Life in the Lower East Side has had a history rich with the immigrant experience. View restored apartments from different time periods, take or visit a costumed interpreter showing what life was like as a past resident of 97 Orchard Street.
See what subway travel looked like in the old days by boarding vintage cars and city buses, walking through old turnstiles, and exploring any of the mass transit exhibits. The museum itself is located underground, in an actual 1936 subway station. You can even take a tour of the now-defunct City Hall station, with its vaulted tile ceilings and chandeliers.
When one sense is taken away, your other senses are said to heighten. Taste your food in a whole new way by eating with a blindfold at Dinners in the Dark. Menus are kept secret until of the very end, to keep you guessing.
Extra, extra, read all about it! This cute newsroom-themed coffee shop even has a wall of magazines and newspapers, so you can catch up on all the latest.
A Mexican food restaurant that features modern Aztec decor and a “bugged-out” menu. Try the grasshopper tacos, or the ant and worm cocktails.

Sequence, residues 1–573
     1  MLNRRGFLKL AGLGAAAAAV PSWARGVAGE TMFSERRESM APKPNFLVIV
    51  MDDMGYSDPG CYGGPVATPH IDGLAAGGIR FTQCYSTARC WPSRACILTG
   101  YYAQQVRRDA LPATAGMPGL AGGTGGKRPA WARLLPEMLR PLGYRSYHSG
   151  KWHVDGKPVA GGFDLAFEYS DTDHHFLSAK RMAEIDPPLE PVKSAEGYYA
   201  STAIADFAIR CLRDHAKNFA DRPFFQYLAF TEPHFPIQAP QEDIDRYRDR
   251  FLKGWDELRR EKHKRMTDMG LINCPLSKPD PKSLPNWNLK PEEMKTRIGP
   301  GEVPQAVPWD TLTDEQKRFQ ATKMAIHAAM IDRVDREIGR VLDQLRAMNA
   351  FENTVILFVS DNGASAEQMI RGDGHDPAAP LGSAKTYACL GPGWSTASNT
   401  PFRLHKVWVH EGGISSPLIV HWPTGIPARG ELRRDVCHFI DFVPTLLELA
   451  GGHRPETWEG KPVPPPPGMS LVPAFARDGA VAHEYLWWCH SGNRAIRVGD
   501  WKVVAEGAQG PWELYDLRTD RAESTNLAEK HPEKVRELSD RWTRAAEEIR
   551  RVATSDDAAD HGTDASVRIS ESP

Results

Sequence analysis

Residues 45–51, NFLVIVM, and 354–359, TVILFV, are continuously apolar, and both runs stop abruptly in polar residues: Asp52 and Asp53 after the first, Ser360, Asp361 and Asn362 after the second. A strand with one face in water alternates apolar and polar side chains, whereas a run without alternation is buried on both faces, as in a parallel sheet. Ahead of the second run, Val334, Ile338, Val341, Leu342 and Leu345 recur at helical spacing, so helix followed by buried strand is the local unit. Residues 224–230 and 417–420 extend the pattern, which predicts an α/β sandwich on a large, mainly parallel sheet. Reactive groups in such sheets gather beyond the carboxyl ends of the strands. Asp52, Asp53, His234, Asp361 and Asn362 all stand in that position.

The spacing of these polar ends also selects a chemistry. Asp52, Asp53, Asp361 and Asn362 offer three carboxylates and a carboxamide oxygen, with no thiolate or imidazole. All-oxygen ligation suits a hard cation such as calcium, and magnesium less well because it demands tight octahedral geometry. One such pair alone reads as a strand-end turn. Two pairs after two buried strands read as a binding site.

High-end Japanese with a twist- literally! Ninja New York is designed to depict a ninja village in feudal Japan, and a roaming Ninja Magician delights young and old alike with magical hijinks.
A 50s-themed diner that features American classics served by a Broadway-bound, singing waitstaff.
A haunted house-themed restaurant and bar that features live entertainment (vampires, werewolves, and mummies coming to life). Eccentric explorers and mad scientists welcome!
A hookah lounge/restaurant/bar/dance club that is also a reproduction of a Roman cave.
Unlike watching paint dry, seeing cheese age is a rather delicious affair that you can partake in through a tour of Murray’s cheese caves, which are the oldest in the country. The “overall guiding philosophy” at the caves is to “take cheeses that arrive with ‘one note’ and impart them with considerably more depth of flavor, like curing fresh pork legs into ham or fermenting grape juice into wine.” While the shop is open regularly, the caves are not, so you’ll have to register for a class or tour in order to see them.